This book contains some valuable information and actionable advice about how to break or change your habits. I have found it helpful in changing some of my own bad habits. Here's a simple flowchart from the book that captures a few of the concepts.
The next ones I'll be reading are:
I just started this new book by David Stockman, former budget director for President Ronald Reagan. So far, it's very interesting.
at 7:59 AM
Thursday, June 20, 2013
I finally reached the summit of Nippletop (Peak 6715) in Zion National Park. I've hiked it 5 times but this is the first time I've reached the top. I really enjoy this hike. I like the steep slickrock gully from the road. I like the steep sandy hillside up to the ridge. I really like the ridge. But I don't like the crux getting up to the top section.
The photo above shows Nippletop from the summit of South Ariel Peak. I'll skip repeating photos of the route. They can be seen on a previous post which also shows a topo map.
Gene joined me on this hike. This screenshot of Google Earth shows our track recorded by my Garmin fenix watch. We visited Nippletop and Separation and Lost Peaks. The fenix says the route was 7 miles and took us 7 hours (not including the road section back to the car).
Here's a shot looking along the ridge toward the summit. It takes me 1 hour to reach the ridge from my car. Five more minutes to walk the ridge, then maybe 15 minutes to reach the summit if you don't waste time ascending to the top section.
On my previous hikes of Nippletop, I failed to get past the short very steep band at the south end of the ridge line. Oddly, this time it wasn't so bad. It was surprisingly easy compared to the last time, when I totally psyched myself out hanging there while Gene attempted to instruct me on where to put my hands and feet. I'm positive I've gained no rock climbing skills since then. Maybe this time I was just in the right frame of mind.
I've marked the route I took in blue. Gene hiked the yellow route.
Looking back down (north) from above the hard part, you can see a small cairn at the edge. That's an important landmark for finding the way back down.
The summit block is barely visible beyond the vegetation. It's easy to get there, just go uphill.
There are some interesting rock formations on the top. To quote Sesame Street: "One of these things is not like the other." Someone had placed a different rock atop a broken pillar.
Here's a shot of the USGS marker on the top.
And now the obligatory shots from the summit. First looking north with the ridge visible below, then looking east toward Separation Peak, then south toward Parunuweap Canyon, and then west looking toward The Triplets and Lost Peak.
at 6:37 PM
Wednesday, June 19, 2013
I visited Zion National Park last week and it was very relaxing. Although, my muscles are still sore. One of my hikes was to Jug Handle Arch. I've seen this arch on many of my recent trips and when hiking South Ariel Peak it was clear that I could hike up close to the arch. Joe Braun has a great description of this hike on his site. He also includes directions on how to get above the arch for a different perspective. I chose not to do that on this hike because I was saving my legs for the very strenuous hike I planned for the next day.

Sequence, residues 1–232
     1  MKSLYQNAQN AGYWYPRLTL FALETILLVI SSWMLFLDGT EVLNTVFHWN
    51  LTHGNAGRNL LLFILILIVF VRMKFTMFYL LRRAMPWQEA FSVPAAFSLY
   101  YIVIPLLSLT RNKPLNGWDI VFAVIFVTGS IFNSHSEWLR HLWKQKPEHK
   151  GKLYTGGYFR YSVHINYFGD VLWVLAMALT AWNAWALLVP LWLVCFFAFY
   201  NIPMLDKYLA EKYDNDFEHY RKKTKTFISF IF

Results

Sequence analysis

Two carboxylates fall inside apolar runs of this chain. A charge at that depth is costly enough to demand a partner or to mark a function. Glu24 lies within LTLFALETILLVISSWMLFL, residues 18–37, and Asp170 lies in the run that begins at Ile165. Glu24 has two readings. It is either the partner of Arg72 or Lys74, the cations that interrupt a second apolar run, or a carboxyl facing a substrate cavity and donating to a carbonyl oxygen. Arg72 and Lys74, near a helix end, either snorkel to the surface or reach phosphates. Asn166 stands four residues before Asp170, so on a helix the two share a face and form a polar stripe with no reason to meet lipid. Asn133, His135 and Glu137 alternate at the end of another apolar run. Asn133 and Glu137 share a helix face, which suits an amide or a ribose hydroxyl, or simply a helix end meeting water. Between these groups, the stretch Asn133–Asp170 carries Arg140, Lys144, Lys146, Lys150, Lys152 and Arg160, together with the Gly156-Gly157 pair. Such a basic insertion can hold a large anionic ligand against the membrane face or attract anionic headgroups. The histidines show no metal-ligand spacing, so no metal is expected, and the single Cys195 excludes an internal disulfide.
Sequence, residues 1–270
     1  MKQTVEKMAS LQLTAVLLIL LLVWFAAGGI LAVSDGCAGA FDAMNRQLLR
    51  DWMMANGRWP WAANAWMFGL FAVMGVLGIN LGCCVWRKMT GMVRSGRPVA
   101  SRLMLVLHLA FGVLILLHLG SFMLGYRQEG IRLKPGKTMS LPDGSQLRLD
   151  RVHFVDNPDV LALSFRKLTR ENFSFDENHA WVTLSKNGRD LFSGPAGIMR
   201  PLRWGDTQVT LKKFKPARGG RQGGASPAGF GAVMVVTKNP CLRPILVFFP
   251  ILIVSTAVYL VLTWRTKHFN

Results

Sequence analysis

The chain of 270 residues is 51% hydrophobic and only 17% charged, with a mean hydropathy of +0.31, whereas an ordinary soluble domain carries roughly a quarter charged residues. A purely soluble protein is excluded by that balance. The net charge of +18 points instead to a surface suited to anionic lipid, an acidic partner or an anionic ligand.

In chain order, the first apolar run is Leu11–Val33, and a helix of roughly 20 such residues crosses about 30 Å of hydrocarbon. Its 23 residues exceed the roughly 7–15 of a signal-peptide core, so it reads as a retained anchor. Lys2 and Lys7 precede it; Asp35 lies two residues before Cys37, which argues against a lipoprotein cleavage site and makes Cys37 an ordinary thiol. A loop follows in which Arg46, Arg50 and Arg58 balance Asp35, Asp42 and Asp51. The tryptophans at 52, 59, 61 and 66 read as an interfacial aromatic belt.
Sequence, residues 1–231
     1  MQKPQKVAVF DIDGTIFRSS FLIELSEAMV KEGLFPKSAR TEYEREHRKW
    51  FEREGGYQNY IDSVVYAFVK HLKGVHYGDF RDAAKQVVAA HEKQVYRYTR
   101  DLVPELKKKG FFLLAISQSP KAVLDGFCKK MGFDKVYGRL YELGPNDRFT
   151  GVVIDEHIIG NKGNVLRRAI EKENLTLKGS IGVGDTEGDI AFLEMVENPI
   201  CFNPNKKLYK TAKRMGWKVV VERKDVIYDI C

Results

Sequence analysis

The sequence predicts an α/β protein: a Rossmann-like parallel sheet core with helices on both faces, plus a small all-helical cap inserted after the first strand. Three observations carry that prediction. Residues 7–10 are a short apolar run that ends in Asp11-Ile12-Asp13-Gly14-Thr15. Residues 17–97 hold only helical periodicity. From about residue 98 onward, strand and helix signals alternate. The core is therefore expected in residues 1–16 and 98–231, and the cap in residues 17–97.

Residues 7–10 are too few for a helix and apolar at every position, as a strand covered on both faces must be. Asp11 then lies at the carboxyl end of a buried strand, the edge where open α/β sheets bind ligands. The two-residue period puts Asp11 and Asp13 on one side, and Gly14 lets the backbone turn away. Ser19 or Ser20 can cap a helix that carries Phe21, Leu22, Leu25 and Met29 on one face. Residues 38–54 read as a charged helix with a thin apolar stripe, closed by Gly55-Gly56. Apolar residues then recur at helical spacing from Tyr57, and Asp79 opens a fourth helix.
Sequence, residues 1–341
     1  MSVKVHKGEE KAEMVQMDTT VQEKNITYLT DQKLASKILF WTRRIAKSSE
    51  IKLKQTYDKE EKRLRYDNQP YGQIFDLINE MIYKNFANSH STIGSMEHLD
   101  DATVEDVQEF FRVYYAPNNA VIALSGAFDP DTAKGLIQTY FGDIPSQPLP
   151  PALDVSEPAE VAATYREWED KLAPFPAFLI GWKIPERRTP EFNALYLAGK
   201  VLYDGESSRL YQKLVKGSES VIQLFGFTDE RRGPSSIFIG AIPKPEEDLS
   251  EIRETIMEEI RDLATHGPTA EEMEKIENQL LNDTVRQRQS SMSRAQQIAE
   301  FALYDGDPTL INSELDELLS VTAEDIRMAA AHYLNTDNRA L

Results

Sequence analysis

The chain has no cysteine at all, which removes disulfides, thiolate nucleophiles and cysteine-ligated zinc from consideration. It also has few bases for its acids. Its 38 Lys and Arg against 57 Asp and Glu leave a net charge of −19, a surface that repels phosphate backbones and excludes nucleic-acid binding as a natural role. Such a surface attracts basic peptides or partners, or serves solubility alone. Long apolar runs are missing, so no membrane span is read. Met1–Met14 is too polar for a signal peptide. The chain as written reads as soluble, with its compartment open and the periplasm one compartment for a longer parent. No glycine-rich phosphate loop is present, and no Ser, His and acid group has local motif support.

I didn't take the same route Joe shows. Instead, I started my hike on the same path I took to hike South Ariel last month. Joe's route might be easier. I was just familiar with my route. Here's the view from where I parked.
The arch is visible when you reach the small ridge above the Keyhole Canyon crossover.
Here's a nice looking hoodoo I passed along the way. Maybe it's not technically a hoodoo, since it doesn't have a harder rock on the top.
The hike is easy enough. After crossing Keyhole Canyon and reaching the eastern side of Aires Butte, just walk up the ridge.
I could have hiked closer but my knee was already hurting and I didn't want to jeopardize my hike the next day when I'd be visiting Nippletop, Separation, and Lost Peaks in one big loop - all visible in this photo.
at 5:11 AM
Saturday, June 08, 2013
Last week I was returning from the Cambria area and decided to drive along Pismo Beach. I've never done that before and it's a popular destination for off-roaders of all kinds. Technically, I think it's called Oceano Dunes SVRA, which seems to have another web site here.
It was very windy and sand was blowing everywhere. Most of the tents were leaning heavily in the wind. I wasn't planning to camp, so the wind didn't bother me much.
There were plenty of vendors renting ATVs and selling food, ice, ice cream, and more.
at 5:45 AM
Friday, June 07, 2013
On my last trip to Zion NP, I decided to hike up Separation Canyon to Separation Peak. I read about this hike on Joe Braun's web site.
Here's a small water hole full of tadpoles.
I came across two small groups of young bighorn sheep. They didn't stick around for many photos.
It's a nice short hike, and an easy way to reach a place where you can catch great views to the south toward Parunuweap Canyon. Joe is right about the challenge facing anyone wanting to get to the very top. I hiked almost all the way around the summit block, but didn't find an easy way up. Skilled rock climbers would have no problem.
On my next trip I hope to return in order to walk over to "Lonely Peak" that sits south of Nippletop. Here's a google map centered on Separation Peak. The route I took is shown below.
This last photo shows the view north toward the road.
at 11:35 AM